This year there seems to be no avoiding Janney, whose acidly funny performance might be the best thing about "I, Tonya" but is far from the best thing nominated for best supporting actress. Janney makes a memorable Gorgon, to be sure, but she also reduces LaVona to a cardboard grotesque, the kind of sideshow that can't hold a candle to Laurie Metcalf's infinitely more layered portrait of a tough-loving mom in "Lady Bird."
There also seems to be no avoiding the "Three Billboards" duo of McDormand and Rockwell, whose joint winning streak over the last few months is an unmistakable if excessive salute to the actors' rough-hewn chemistry. It also shows just how little the industry seems to care about the critical sentiment that has built up against Martin McDonagh's film in recent months, much of it directed specifically at Rockwell's Dixon, an ill-tempered white police officer with a fondness for beating up black suspects.
As someone who admires the movie with a few billboard-sized reservations, I'd say the open-ended question of whether the racist cop is ultimately "redeemed" makes the story more provocative and thornily human rather than less. If anything, the most glaring flaw in McDonagh's screenplay — the callousness with which it reduces its black characters' suffering to a mere plot point — is productively complicated by Rockwell's idiot-bad-boy swagger. He makes Dixon both a repellent moron and an insidious charmer; if he's someone you love to hate, he's also someone you hate to love.
In some ways I'm more persuaded by Dixon's struggle to turn over a new leaf than I am by the fiery crusade of Mildred Hayes, a grieving mother whom McDormand invests with the kind of scene-stealing ferocity that will doubtless pummel more than a few academy members into submission: Vote for me, bitches! Making like a 21st century Rosie the Riveter in her badass bandanna and jumpsuit, Mildred may be an avenging dark angel, but she's really a consummate tell-off artist, someone with a custom-tailored diatribe for anyone who dares stand in her way.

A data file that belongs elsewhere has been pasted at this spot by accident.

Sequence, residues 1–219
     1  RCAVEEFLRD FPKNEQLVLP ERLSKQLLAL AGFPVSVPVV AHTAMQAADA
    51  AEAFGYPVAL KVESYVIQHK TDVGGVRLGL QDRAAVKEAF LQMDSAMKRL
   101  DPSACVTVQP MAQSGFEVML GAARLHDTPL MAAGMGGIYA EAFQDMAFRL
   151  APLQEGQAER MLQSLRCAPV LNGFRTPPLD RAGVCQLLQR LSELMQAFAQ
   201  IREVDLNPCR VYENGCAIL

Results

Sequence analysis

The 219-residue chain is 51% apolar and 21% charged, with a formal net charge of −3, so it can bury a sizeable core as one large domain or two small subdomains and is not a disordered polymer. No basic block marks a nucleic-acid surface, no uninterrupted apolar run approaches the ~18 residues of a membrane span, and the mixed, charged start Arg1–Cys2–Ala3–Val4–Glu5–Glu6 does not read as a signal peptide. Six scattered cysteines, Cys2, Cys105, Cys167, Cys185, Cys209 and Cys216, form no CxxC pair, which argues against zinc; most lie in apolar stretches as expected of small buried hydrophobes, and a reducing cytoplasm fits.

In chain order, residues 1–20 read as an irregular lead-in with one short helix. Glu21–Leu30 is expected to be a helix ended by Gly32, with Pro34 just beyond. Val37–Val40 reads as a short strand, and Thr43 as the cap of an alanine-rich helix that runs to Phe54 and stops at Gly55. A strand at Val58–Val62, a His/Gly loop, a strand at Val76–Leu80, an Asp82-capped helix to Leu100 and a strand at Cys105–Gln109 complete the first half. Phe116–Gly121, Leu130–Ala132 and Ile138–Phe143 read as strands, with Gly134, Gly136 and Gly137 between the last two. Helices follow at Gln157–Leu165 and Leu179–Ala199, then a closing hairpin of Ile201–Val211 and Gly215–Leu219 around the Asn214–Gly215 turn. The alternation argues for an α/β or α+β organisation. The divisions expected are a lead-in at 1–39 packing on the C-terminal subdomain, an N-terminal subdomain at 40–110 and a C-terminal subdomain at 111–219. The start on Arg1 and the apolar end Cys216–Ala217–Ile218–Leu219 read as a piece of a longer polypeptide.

To these ears, though, even McDormand's nastiest zingers too often come off as strained, self-satisfied shtick — not something you could say about her marvelous comic performance in "Fargo," which won her a lead actress Oscar 21 years ago. By far her best moments in "Three Billboards" are those in which Mildred's steely composure erodes, when she's suddenly overwhelmed by a spasm of grief, regret, compassion or fear. (Tellingly, many of those moments take place opposite Woody Harrelson, whose turn as a cancer-stricken police chief is easily the movie's best.) But these humanizing blips don't always well up persuasively from beneath Mildred's rage; they feel programmed, tonally and emotionally at odds with that trash-talking surface.
Perhaps most of all this year, there seems to be no avoiding Oldman and the admittedly remarkable metamorphosis he undergoes in "Darkest Hour." It's astonishing to see the actor who once played the thin, gangly Sid Vicious now fully inhabiting Churchill's portly figure, outsized persona and heroic legacy. Oldman doesn't give a bad performance; he gives a grandiose one, impeccably scaled to the ham-fisted proportions of the dramatic vehicle at hand.
"He mobilized the English language and sent it into battle," one of Churchill's rivals says with grudging admiration after that aforementioned speech. It's an unwittingly apt summary of a performance type that tends to excite awards voters, in which words are all but marshaled into action, pressed in service of grandstanding speeches and lump-in-the-throat line readings.
It's probably telling that I can't recall much of Oldman's dialogue from "Tinker, Tailor, Soldier, Spy" (2011), in which he played John le Carré's memorable antihero George Smiley — a fictional creation, to be sure, but no less determined a steward of his nation's place in history than Churchill. It wasn't the kind of performance that bellowed its brilliance to the rafters. Oldman worked at his own seductively measured pace, drawing the viewer in a little more with every cryptic gaze. The effect of it was hypnotic; by the end he had all but seeped into your bloodstream.
The result was too subtle a showcase to earn Oldman the kinds of accolades that are now falling almost carelessly into his lap. But it remains the richer of his two Oscar-nominated turns by far, and I suspect it will serve as a useful reminder: The best performances often defy consensus as well as convention, especially when an actor's darkest hour is too easily mistaken for his finest.